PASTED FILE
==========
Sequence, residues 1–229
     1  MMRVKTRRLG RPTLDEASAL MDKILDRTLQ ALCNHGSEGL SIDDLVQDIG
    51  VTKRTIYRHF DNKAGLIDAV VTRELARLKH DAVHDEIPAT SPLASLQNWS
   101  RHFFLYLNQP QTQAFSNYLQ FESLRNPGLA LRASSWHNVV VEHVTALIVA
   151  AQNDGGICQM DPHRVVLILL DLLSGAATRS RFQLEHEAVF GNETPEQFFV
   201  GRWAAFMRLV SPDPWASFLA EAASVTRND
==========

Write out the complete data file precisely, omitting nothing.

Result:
Sequence, residues 1–229
     1  MMRVKTRRLG RPTLDEASAL MDKILDRTLQ ALCNHGSEGL SIDDLVQDIG
    51  VTKRTIYRHF DNKAGLIDAV VTRELARLKH DAVHDEIPAT SPLASLQNWS
   101  RHFFLYLNQP QTQAFSNYLQ FESLRNPGLA LRASSWHNVV VEHVTALIVA
   151  AQNDGGICQM DPHRVVLILL DLLSGAATRS RFQLEHEAVF GNETPEQFFV
   201  GRWAAFMRLV SPDPWASFLA EAASVTRND